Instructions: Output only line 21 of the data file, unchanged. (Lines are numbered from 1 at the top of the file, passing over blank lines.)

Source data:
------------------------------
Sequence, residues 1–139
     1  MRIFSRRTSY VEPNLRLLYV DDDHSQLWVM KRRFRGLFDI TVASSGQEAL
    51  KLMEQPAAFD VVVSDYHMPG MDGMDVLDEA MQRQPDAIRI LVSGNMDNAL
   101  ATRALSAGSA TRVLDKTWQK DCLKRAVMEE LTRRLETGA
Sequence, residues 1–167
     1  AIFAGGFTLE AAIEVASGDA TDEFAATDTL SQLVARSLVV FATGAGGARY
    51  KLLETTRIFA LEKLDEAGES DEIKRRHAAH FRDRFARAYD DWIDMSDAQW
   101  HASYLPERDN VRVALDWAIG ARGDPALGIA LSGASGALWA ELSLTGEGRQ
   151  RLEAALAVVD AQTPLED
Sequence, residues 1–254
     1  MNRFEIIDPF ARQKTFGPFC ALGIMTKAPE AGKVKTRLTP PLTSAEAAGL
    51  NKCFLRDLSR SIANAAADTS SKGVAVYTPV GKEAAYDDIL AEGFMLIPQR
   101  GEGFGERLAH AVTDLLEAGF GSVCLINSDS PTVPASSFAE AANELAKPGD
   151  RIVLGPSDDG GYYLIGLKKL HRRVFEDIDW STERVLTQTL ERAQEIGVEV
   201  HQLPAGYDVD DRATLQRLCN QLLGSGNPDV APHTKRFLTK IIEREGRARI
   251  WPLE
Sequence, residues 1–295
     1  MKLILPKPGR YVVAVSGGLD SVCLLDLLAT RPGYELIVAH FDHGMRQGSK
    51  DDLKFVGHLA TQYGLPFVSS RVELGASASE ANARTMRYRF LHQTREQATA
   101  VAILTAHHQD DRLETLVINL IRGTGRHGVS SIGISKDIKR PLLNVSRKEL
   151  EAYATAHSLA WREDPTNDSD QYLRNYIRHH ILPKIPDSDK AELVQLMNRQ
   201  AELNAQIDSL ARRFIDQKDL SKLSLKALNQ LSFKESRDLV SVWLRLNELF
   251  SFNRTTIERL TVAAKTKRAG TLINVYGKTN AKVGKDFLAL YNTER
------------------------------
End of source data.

   151  EAYATAHSLA WREDPTNDSD QYLRNYIRHH ILPKIPDSDK AELVQLMNRQ